Antartica: Australian woman in world record bid
Sydney, Jan 23 (IANS) Sailor Lisa Blair set off from the Australian town of Albany on Monday in a bid to be the first woman to circumnavigate Antarctica solo, non-stop and unassisted in less than 100 days.
The 32-year-old from Queensland will have to navigate through the Southern Ocean’s Cape Leeuwin, Cape Horn and Cape Agulhas, which are regarded as some of the world’s most dangerous stretches of water, Xinhua news agency reported.
The risk of huge seas, strong winds and icebergs are only some of the challenges Blair will have to contend with.
“I’ve been out doing sea trials, we’ve done four or five hour sails every afternoon just testing all the equipment and going through the paces and making sure the electronics are working correctly and I’m pleased to say it’s all good,” Blair told the Australian Broadcasting Corp.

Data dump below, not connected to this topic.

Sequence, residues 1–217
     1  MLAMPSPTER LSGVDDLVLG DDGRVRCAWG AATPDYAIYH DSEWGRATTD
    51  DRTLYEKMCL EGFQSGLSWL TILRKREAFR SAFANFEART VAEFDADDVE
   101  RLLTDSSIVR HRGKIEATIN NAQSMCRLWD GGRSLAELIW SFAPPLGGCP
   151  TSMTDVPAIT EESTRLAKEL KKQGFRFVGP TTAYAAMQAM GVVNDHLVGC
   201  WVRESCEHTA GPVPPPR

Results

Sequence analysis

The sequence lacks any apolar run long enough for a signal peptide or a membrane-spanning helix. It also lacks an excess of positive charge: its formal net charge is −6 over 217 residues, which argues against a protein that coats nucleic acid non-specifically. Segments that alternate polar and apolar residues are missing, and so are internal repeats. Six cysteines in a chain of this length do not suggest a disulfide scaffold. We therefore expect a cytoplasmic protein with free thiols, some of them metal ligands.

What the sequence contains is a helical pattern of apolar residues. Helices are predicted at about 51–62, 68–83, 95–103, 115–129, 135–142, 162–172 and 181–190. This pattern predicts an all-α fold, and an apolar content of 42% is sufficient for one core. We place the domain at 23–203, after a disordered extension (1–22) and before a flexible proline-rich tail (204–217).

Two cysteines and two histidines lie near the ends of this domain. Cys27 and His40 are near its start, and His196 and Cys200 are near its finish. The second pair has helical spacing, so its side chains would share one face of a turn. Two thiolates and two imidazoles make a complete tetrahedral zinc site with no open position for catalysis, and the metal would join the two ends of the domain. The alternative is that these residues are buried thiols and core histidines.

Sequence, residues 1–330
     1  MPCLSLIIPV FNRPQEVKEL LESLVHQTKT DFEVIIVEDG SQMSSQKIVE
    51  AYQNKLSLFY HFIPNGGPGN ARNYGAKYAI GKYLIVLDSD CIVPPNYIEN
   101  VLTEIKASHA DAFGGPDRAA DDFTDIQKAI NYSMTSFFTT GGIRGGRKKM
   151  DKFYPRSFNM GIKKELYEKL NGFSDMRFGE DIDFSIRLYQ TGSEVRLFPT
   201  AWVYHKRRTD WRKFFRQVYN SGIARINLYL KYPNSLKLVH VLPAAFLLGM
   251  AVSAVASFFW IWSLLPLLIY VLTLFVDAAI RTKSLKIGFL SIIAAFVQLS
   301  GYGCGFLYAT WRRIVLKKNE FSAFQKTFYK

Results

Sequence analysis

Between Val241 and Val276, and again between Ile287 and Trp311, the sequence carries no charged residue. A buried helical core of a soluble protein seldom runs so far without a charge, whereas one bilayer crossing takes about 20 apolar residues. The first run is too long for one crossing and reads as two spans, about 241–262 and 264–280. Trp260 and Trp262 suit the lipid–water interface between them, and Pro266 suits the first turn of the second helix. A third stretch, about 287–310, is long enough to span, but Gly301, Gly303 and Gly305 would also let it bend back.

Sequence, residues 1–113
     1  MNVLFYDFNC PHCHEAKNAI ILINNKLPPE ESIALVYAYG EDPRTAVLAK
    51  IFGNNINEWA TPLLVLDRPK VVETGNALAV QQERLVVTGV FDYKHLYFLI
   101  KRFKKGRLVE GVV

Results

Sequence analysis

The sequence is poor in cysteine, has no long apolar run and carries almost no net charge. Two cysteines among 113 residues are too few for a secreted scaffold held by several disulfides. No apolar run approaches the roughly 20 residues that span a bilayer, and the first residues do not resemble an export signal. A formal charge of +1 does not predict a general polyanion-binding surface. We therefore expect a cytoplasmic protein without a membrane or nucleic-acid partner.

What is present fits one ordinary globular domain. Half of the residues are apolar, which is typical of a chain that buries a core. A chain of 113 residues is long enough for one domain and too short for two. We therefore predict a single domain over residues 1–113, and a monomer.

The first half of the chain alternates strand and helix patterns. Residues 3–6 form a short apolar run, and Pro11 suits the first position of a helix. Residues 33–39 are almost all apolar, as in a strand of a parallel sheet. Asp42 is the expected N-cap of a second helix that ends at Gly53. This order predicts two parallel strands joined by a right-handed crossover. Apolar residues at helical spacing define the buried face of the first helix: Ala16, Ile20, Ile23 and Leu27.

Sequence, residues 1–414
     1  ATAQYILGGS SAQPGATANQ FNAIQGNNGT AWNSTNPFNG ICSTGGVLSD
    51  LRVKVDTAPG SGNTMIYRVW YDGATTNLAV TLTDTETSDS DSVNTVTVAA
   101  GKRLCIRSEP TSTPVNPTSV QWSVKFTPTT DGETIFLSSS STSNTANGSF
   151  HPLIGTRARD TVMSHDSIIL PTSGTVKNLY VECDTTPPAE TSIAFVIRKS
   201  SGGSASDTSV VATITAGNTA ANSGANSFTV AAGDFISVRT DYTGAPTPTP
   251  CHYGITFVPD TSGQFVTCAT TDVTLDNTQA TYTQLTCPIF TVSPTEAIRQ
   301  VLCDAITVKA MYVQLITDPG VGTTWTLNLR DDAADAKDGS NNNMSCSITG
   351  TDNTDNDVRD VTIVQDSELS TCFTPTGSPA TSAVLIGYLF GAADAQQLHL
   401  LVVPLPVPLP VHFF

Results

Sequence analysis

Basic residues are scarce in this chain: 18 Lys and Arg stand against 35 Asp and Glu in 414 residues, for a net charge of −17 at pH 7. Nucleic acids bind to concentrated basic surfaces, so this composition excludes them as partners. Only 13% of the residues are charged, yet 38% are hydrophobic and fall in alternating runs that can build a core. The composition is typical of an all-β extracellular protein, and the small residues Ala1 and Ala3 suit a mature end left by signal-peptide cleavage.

Blair’s 1,600 nautical mile voyage will be an undertaken in a fiberglass boat, raising some safety concerns.
“Blair has worked for me on a couple of occasions as a skipper, and would have prepared very well,” Sydney’s Liquid Edge sailing instructor, Ron Lilburne, told Xinhua.
“She’s a great sailor with a lot of offshore racing experience, I would certainly be worried about the wind though!” Lilburne said.
The Australian adventurer remains unconcerned about the risks involved in the voyage.
She told the media: “Once I clear 45 degrees south, there’s my first storm rolling through, I just can’t wait to get in it and test the boat and see how she handles, put her through her paces.”
The designer of the boat, Robert Hick, named the vessel Climate Change Now in order to highlight environmental issues and raise money for climate action.
If Blair beats the previous 102-day record, she’s expected to arrive back in Albany at the end of April.